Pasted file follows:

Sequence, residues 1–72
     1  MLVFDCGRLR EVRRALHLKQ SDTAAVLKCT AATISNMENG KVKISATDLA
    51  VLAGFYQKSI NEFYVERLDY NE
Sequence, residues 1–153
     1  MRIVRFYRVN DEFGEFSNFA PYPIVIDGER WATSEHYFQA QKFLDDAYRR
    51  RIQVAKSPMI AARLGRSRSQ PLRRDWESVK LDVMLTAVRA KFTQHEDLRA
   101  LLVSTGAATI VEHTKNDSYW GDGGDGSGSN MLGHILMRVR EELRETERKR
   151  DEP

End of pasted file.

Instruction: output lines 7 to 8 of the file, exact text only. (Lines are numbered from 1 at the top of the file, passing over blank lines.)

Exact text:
   101  LLVSTGAATI VEHTKNDSYW GDGGDGSGSN MLGHILMRVR EELRETERKR
   151  DEP